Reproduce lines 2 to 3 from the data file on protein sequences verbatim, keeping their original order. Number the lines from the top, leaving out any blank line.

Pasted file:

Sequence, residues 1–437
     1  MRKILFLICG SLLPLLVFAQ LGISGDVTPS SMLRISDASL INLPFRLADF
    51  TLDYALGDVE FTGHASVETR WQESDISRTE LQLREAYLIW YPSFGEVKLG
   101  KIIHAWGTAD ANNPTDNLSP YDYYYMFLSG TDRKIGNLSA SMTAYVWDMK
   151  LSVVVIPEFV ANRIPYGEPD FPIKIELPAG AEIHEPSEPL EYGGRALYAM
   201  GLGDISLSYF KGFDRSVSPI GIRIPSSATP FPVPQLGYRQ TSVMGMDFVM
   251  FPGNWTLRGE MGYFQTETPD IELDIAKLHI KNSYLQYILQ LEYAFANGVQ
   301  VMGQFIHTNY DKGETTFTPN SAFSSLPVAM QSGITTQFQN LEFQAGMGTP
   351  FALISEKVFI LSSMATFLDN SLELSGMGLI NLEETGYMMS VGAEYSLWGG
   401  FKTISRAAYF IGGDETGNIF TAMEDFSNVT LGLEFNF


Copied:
     1  MRKILFLICG SLLPLLVFAQ LGISGDVTPS SMLRISDASL INLPFRLADF
    51  TLDYALGDVE FTGHASVETR WQESDISRTE LQLREAYLIW YPSFGEVKLG